In each of the two road games the Chiefs lost this year (at Denver and Green Bay), he was sacked three times. Mahomes has said he’s had to resort to silent snap counts in Baltimore, which can make snaps more predictable. It’s not usually a good idea to blitz Mahomes, so it will be on the defensive front to pressure him with four rushers. Mahomes’ 14 interceptions this year are a career high. He hasn’t thrown a playoff pick since 2021, but if the Ravens can bring pressure, the odds are they’ll squeeze at least a turnover out of it.

Ravens cornerback Marlon Humphrey has been injured throughout the season, but he's shown he can be physical when called upon. (Terrance Williams/AP)

The Ravens could be down a few starters Sunday, but so could the Chiefs. Whose absence would be the most consequential?

Shaffer: The Chiefs were probably counting on linebacker Willie Gay Jr. to spy Bills quarterback Josh Allen throughout Sunday’s game. Then he suffered a neck injury midway through the first quarter, and — surprise! — Allen ended up running wild, finishing with 72 yards (6 per carry) and two touchdowns. Linebacker Nick Bolton led Kansas City in tackles in 2022, but he probably wouldn’t be Andy Reid’s first choice to shadow someone as elusive as Jackson.

Han: The Ravens have some big names out — but they’ve played without big names all season. If I were a Chiefs fan, I’d be more worried about the absence of left guard Joe Thuney than excited about the potential absence of tight end Mark Andrews. This Ravens’ pass rush is not one to take lightly. It led the league in sacks, and even when it didn’t record a sack Saturday against Houston, it still laid on the pressure. I can see the Ravens taking advantage of any weakness in the line around Mahomes.

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Goon: This is probably not the most popular answer, given that the Ravens secondary all but pitched a shutout last week, but Marlon Humphrey would be a helpful piece in a game like this. He’s been injured on and off all season, and he hasn’t been great in his first games back from injury. But I think of his performance against San Francisco, when he deflected two passes and laid some hard hits against a team replete with talented skill players.

Humphrey’s physicality makes him a better matchup if he’s forced to line up against, say, Kelce. He’s also physical in the run game, which will be a key facet. Humphrey’s up-and-down availability has probably made him a little underrated at this point, just a few years removed from being one of the stars of this defense.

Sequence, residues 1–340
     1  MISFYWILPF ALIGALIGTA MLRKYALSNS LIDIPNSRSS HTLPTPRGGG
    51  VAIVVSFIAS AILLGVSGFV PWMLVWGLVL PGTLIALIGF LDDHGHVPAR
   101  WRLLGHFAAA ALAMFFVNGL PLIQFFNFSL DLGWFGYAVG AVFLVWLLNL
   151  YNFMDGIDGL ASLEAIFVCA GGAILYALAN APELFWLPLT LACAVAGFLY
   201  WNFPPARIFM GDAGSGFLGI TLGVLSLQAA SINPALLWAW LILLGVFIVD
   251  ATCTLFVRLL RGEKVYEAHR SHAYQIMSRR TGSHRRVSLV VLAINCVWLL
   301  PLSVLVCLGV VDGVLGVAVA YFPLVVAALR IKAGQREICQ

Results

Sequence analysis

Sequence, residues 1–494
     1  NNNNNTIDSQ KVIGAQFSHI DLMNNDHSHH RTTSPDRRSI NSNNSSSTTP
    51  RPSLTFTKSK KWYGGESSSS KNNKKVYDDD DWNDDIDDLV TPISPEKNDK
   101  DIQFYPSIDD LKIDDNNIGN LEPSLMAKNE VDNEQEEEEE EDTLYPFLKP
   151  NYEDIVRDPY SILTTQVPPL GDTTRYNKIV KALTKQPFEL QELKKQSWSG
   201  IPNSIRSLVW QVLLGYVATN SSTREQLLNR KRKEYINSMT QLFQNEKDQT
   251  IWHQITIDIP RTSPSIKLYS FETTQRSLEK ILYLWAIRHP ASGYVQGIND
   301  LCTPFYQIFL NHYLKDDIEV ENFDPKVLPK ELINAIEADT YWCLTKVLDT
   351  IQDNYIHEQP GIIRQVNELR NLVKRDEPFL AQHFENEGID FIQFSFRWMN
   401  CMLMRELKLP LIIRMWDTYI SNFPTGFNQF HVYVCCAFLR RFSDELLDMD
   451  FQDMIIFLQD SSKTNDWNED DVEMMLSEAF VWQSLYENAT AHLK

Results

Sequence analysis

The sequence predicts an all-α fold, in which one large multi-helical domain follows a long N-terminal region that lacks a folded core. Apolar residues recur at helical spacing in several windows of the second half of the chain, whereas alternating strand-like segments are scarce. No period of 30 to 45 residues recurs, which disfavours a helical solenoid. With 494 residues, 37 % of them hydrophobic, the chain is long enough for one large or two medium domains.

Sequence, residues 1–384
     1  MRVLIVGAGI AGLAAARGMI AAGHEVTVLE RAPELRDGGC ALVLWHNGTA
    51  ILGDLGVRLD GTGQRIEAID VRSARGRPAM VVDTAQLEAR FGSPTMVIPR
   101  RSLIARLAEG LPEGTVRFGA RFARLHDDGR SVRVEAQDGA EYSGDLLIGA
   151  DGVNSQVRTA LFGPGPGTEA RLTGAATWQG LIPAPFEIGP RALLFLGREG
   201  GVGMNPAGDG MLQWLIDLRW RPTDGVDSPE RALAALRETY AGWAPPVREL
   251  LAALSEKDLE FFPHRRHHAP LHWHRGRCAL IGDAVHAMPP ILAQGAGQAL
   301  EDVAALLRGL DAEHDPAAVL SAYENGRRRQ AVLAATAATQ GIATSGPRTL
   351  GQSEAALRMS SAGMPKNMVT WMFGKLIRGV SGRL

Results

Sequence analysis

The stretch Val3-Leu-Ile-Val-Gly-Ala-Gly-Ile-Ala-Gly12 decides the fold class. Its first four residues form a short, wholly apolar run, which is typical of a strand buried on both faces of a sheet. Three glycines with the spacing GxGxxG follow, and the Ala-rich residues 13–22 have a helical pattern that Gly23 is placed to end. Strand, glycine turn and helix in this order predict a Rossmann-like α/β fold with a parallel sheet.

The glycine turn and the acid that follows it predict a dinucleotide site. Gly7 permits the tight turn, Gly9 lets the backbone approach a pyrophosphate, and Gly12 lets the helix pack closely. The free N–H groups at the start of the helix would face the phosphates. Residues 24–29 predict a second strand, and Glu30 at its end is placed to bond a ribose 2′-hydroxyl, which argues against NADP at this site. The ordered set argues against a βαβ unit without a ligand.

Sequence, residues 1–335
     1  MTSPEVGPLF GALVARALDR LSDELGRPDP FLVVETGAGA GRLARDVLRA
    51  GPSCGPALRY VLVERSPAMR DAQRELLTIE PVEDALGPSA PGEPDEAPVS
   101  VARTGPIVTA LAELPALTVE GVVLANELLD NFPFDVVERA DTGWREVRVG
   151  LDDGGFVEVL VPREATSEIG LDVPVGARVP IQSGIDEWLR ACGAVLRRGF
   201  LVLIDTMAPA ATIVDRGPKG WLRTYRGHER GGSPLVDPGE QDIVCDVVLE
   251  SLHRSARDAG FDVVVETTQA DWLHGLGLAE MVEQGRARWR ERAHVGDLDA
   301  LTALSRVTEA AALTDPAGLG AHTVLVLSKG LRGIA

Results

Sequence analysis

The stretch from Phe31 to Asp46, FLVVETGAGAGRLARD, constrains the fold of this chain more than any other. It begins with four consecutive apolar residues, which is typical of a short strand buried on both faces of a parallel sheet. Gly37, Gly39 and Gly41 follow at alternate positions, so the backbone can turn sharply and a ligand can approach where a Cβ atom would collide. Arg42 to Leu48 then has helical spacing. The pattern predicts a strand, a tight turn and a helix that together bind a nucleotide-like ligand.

Taylor Swift and Brittany Mahomes watch from a skybox in Kansas City. Will Swift travel to Baltimore? Those of us in the content biz sure hope so. (David Eulitt/Getty Images)

Which Taylor Swift lyric or song title best defines how you think this game will play out?

Shaffer: Lamar Jackson playing for a Super Bowl berth? Against the defending Super Bowl champions? In Baltimore’s first conference championship game in over five decades? It’s got to be “Wildest Dreams.”

Han: *Googling Taylor Swift song titles.* There are so many good ones, and as I was scrolling down the list, I came up with a lot of ideas. “Shake It Off,” Chiefs, you can try again next year. But when I saw “the 1,” I knew: “’tis the damn season,” Ravens. No explanation required.

Goon: The Ravens have aced every stiff test they’ve faced this season and dominated teams with winning records. Still, with the Chiefs’ track record, it seems like the world expects Mahomes & Co. to surge and win it (the Ravens are barely a field goal favorite at home). This passage from “Look What You Made Me Do” stands out: “But I got smarter, I got harder in the nick of time/Honey, I rose up from the dead, I do it all the time/I got a list of names, and yours is in red, underlined.”

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The Chiefs are next on the list. Let’s look at what they’ll make the Ravens do.